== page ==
He singled out the Environmental Protection Agency as an example of the way oppressive government regulation can hurt business and scare off jobs. The audience cheered loudly when he mentioned an appeals court ruling earlier in the day that struck down the part of Obama's sweeping health care law that requires individuals to purchase health insurance.
Still, his hurdles on the way to the GOP nomination are high, given that Perry is later to the game than his rivals, some of whom have been campaigning and fundraising for months.
"We have a consensus that we can do it _ and no one's 100 percent convinced it's going to work," Perry's longtime strategist, Dave Carney, told The Associated Press.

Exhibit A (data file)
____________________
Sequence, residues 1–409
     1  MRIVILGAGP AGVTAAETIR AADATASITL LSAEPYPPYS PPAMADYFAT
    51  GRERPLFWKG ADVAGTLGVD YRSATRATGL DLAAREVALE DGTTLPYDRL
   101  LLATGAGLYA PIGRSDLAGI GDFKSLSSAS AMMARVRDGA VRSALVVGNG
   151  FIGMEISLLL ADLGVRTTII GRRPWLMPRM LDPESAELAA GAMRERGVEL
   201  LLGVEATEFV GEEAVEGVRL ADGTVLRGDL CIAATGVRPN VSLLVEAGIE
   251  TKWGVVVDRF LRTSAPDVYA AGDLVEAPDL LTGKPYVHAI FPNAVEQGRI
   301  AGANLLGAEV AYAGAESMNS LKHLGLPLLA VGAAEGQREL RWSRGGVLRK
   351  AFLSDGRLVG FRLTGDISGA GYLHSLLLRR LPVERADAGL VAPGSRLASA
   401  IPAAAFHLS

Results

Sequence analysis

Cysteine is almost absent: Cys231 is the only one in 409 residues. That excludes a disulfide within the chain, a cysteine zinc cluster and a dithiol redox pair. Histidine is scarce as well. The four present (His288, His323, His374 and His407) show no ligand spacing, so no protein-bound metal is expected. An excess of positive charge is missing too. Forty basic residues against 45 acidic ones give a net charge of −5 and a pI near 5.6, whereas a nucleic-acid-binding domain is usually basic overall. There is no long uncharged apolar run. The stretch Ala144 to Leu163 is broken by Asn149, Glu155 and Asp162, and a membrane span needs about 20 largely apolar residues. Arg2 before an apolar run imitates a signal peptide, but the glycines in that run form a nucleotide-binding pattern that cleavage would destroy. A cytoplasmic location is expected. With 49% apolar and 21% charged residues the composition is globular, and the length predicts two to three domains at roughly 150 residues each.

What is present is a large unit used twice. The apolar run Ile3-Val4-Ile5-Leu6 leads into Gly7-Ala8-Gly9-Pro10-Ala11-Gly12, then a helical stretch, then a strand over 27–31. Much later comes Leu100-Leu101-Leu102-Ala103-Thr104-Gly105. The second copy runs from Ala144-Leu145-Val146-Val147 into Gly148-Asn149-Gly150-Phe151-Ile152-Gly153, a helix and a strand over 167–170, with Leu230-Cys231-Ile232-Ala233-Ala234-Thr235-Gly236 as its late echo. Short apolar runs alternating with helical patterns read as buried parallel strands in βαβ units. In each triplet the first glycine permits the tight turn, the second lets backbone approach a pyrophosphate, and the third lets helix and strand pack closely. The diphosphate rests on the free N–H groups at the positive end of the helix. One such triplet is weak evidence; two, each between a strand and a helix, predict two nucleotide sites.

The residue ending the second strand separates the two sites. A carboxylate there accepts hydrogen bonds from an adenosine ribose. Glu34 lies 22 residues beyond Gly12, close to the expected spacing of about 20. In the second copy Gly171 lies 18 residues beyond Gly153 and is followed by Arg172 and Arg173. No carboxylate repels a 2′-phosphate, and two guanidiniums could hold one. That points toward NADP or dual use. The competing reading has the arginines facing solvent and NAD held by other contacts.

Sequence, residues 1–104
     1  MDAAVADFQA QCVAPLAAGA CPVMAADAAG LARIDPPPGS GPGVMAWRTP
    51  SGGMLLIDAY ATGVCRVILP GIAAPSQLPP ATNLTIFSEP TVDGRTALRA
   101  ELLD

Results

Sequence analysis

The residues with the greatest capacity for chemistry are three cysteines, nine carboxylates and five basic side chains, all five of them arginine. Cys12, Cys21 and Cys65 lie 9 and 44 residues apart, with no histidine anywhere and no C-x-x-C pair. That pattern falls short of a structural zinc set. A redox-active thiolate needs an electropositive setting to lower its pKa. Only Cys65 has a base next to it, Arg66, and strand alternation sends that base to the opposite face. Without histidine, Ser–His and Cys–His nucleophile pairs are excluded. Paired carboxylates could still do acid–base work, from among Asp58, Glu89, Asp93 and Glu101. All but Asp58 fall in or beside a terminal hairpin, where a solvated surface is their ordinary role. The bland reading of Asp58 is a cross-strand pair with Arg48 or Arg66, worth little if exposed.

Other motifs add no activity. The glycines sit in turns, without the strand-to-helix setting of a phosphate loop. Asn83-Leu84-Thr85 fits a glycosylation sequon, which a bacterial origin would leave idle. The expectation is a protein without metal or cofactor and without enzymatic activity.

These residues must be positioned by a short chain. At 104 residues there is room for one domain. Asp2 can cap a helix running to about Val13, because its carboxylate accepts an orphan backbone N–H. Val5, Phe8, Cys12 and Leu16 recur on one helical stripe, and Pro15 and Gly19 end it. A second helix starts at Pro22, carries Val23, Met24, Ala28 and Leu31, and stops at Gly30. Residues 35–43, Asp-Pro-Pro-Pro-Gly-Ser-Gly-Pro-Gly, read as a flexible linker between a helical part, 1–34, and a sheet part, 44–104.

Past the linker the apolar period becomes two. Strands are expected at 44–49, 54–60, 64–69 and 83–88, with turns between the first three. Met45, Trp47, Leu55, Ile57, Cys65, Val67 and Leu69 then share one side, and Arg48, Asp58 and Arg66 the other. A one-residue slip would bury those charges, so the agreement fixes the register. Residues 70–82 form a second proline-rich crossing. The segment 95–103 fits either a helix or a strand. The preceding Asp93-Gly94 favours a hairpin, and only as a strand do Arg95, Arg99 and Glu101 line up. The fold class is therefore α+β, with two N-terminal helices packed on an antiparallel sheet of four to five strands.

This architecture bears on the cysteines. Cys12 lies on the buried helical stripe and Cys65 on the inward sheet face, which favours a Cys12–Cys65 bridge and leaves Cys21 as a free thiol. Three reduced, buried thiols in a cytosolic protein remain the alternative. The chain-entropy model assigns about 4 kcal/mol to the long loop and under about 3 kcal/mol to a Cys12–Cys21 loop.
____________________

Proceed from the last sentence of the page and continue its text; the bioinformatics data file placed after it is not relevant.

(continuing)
Perry is working quickly to assemble a network of operatives nationally and in key early-voting states Iowa, New Hampshire and South Carolina. He's attracting staff from former House Speaker Newt Gingrich's imploded campaign as well as the aborted presidential bid of Mississippi Gov. Haley Barbour.
Rob Johnson, who left Perry's office early this year to be Gingrich's campaign manager, is expected to be central to the Texan's presidential campaign and was headed to South Carolina on Friday.
And Perry's even started siphoning staff from current candidates. GOP fundraiser Gary Slayton in New Hampshire shifted from supporting former Minnesota Gov. Tim Pawlenty to Perry this week, saying of the Texan, "He clearly sees the peril facing our beloved nation and has decided to answer the call."